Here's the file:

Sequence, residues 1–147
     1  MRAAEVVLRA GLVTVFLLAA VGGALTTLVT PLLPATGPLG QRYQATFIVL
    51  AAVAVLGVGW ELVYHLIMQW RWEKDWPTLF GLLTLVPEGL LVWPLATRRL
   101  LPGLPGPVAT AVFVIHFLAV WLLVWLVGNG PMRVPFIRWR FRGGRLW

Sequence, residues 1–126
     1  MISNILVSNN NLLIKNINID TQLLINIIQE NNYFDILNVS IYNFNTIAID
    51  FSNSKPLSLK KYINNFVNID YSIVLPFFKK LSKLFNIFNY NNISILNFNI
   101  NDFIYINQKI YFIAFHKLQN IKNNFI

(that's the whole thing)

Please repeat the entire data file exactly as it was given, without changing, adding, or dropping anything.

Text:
Sequence, residues 1–147
     1  MRAAEVVLRA GLVTVFLLAA VGGALTTLVT PLLPATGPLG QRYQATFIVL
    51  AAVAVLGVGW ELVYHLIMQW RWEKDWPTLF GLLTLVPEGL LVWPLATRRL
   101  LPGLPGPVAT AVFVIHFLAV WLLVWLVGNG PMRVPFIRWR FRGGRLW

Sequence, residues 1–126
     1  MISNILVSNN NLLIKNINID TQLLINIIQE NNYFDILNVS IYNFNTIAID
    51  FSNSKPLSLK KYINNFVNID YSIVLPFFKK LSKLFNIFNY NNISILNFNI
   101  NDFIYINQKI YFIAFHKLQN IKNNFI